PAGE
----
What are butterflies?
Butterflies and moths are insects that form the insect order Lepidoptera. There is no consistent way of telling butterflies and moths apart. Butterflies are all day-flying and belong to eight families of the Lepidoptera. Most moths fly at night – however there are several colourful moth species that fly by day.
Many species of moths can also be found in gardens. They too can be pollinators, and are a vital part of the food chain and garden biodiversity – although a handful can damage garden plants as larvae. The larvae are usually known as caterpillars and they feed on the foliage and flowers of their host plants. When fully fed, they crawl away to sheltered places where they pupate and later emerge as adult butterflies or moths.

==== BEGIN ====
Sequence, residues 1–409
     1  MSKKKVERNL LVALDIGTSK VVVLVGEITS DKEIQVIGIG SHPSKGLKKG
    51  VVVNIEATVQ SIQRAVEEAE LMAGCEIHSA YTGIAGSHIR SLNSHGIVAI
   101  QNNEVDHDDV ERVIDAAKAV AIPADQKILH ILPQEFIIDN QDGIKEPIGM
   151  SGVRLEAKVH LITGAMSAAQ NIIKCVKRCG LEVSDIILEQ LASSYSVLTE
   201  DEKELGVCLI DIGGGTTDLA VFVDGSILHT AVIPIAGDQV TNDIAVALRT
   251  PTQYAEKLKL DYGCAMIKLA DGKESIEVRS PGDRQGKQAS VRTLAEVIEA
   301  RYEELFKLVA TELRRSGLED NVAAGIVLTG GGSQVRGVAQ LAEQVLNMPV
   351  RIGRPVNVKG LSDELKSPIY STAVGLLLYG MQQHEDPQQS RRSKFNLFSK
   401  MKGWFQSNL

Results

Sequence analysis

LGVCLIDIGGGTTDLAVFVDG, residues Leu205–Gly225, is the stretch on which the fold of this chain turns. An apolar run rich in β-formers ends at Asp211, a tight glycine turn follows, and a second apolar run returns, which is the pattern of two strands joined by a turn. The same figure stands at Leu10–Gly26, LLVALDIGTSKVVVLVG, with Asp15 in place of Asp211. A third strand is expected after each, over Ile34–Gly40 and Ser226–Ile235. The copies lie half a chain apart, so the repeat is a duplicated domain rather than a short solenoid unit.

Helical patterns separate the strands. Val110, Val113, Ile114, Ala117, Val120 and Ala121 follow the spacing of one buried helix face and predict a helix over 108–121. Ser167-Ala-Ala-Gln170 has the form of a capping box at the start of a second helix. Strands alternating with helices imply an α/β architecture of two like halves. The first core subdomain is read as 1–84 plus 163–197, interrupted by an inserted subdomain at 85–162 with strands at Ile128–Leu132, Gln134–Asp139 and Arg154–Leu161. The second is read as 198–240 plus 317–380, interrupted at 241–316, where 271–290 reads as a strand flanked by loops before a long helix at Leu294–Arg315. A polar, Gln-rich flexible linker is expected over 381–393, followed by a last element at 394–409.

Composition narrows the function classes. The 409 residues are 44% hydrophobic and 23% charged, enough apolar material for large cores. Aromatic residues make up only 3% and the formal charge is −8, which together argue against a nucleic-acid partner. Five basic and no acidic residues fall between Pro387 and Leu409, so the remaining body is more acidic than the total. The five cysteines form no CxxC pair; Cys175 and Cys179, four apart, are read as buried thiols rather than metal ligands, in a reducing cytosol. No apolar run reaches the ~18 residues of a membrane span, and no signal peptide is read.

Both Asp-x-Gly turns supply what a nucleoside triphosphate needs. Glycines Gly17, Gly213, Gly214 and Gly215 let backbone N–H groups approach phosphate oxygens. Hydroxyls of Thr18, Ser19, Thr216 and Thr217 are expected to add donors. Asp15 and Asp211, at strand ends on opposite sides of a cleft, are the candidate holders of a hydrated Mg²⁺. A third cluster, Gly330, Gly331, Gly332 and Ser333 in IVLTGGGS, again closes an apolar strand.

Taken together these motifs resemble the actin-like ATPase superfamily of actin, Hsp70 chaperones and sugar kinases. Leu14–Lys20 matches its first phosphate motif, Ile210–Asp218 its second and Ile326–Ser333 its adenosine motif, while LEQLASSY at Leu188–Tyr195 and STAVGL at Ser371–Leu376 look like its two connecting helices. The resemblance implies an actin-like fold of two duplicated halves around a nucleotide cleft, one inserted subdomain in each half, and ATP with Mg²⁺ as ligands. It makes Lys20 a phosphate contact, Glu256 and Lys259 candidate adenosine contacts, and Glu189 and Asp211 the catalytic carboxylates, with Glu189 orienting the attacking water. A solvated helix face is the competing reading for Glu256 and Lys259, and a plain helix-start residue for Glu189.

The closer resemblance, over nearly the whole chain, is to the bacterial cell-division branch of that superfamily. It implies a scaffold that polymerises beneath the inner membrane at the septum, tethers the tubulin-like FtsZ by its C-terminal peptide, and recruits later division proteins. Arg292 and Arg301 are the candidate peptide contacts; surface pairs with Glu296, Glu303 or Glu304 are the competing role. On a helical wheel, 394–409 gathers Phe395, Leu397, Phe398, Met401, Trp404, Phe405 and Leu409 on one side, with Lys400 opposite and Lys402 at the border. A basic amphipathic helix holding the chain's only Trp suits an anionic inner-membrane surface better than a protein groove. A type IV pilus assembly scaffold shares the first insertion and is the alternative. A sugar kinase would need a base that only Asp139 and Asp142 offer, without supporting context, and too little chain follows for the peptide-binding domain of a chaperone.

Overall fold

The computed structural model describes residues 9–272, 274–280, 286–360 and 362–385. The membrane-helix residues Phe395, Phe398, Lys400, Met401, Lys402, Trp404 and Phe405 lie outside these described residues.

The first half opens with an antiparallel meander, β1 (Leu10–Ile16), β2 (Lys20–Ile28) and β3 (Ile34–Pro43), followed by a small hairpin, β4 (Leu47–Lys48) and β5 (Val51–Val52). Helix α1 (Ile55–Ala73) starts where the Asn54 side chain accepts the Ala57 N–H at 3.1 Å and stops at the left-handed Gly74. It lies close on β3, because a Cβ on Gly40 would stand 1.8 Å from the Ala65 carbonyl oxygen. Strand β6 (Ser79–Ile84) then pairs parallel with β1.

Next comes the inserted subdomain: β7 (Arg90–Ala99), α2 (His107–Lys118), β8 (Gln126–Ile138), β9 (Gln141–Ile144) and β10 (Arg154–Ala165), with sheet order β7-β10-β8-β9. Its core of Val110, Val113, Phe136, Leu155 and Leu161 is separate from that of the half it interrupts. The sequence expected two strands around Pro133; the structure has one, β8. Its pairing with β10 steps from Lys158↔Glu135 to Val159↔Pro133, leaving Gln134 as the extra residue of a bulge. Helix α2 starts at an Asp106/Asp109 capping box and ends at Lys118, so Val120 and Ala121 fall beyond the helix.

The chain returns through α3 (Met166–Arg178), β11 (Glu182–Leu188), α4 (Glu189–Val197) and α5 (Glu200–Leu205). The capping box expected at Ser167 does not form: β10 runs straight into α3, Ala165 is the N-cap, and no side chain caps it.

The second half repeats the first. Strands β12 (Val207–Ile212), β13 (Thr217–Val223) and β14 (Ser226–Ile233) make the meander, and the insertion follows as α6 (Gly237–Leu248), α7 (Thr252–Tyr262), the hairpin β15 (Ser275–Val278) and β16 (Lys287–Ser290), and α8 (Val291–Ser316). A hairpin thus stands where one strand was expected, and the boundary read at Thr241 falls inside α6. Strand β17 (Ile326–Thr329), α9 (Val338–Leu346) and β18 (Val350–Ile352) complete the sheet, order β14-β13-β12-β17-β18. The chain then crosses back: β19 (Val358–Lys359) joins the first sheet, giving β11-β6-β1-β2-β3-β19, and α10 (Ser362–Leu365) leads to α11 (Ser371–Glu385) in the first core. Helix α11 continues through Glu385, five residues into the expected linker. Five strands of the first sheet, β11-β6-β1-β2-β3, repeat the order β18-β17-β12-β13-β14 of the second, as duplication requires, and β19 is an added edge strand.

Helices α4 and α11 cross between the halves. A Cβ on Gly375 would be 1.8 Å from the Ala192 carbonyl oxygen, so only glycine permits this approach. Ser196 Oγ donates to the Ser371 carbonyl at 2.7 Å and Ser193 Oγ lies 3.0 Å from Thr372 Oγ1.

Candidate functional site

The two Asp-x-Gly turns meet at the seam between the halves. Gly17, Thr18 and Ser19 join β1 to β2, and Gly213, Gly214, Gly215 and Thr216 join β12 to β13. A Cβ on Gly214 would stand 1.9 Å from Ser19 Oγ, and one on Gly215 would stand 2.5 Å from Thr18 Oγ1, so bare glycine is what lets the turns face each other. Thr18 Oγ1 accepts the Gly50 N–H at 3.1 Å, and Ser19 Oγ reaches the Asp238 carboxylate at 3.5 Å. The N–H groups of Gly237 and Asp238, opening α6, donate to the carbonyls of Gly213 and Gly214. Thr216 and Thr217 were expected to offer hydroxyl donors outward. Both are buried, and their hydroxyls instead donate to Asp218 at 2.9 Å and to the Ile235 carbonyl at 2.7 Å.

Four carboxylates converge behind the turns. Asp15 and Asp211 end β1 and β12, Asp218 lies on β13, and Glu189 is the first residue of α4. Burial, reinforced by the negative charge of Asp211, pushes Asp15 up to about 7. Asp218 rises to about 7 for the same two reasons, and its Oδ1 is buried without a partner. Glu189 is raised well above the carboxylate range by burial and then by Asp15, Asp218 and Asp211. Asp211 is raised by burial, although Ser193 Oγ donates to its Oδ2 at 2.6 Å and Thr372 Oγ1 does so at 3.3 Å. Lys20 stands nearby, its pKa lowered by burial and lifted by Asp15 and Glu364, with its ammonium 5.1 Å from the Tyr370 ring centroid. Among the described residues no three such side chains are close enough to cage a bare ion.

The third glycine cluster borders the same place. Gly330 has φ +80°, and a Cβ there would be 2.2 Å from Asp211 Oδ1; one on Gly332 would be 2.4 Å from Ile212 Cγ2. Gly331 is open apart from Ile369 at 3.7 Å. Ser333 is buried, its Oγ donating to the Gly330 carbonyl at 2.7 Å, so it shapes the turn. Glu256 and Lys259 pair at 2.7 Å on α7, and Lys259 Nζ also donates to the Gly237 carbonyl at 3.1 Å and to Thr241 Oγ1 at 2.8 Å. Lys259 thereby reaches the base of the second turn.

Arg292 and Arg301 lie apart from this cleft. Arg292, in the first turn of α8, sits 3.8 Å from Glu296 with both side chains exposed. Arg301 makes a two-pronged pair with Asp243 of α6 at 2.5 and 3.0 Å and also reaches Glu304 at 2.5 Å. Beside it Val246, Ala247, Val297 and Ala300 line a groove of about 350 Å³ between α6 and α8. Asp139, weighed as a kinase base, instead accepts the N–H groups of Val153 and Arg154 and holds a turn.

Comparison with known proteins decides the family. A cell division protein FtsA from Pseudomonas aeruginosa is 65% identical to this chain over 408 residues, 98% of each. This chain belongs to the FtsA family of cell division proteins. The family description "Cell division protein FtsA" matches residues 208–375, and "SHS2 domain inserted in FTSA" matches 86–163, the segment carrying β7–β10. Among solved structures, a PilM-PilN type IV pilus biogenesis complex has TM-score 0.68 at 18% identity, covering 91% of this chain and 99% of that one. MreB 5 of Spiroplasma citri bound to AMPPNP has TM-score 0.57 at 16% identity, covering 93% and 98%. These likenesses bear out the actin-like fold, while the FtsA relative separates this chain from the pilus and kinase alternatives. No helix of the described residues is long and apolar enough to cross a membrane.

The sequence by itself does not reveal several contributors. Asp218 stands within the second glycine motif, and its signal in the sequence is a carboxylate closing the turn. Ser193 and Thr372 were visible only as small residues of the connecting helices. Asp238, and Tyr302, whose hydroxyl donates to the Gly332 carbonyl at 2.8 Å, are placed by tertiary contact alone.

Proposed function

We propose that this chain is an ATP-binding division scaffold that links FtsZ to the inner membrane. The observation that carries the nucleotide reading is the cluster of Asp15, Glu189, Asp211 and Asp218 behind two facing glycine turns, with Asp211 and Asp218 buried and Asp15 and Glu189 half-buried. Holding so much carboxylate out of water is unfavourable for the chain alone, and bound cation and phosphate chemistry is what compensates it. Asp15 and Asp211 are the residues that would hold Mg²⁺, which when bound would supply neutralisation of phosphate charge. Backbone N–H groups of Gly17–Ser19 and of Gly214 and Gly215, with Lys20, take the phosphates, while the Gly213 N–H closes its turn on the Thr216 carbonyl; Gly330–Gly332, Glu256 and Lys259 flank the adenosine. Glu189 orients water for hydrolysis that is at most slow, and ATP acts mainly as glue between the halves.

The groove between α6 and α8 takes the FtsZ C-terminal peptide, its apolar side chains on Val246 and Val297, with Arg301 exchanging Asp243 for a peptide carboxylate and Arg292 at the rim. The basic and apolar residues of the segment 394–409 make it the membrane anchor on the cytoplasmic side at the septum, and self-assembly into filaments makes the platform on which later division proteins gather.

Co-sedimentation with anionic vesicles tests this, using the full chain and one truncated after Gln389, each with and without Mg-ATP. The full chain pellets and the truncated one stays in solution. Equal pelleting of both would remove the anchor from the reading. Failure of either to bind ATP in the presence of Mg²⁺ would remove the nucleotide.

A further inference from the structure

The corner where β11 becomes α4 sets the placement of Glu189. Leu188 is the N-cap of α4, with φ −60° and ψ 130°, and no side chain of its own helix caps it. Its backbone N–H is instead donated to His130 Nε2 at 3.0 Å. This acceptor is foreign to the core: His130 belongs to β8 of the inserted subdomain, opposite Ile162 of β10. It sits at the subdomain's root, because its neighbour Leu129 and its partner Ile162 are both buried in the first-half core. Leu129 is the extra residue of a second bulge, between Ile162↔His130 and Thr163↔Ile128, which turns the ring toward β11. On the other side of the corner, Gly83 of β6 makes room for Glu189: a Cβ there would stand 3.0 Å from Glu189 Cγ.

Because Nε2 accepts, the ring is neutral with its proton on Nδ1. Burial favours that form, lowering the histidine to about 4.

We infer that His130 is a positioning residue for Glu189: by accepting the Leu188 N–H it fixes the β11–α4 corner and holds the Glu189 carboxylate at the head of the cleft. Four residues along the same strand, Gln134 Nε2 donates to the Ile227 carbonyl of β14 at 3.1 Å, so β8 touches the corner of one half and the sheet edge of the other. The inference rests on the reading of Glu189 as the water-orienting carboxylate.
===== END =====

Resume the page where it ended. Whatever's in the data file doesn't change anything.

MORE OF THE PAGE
There are 59 butterfly species resident in Britain, plus up to 30 others that come here as occasional or regular migrants from elsewhere in Europe.
Some species require specialised habitats, such as chalk downland or coppiced woodland and so are unlikely to be seen in gardens. The species most likely to found in gardens include Red Admiral, Peacock, Brimstone, Painted Lady, Comma, Green-veined White, Small Tortoiseshell, Small Cabbage White and Large Cabbage White.
Only the last two are potential garden problems as they have caterpillars that feed on cabbages, other brassicas and nasturtiums. The caterpillars of the Comma can sometimes be found on hops and currants. Its orange white and black spiky caterpillars resemble bird droppings and do not cause significant damage to host plants.
Less frequent garden visitors include Orange-tip, Speckled Wood, Meadow Brown, Small Copper and Holly and Common Blues.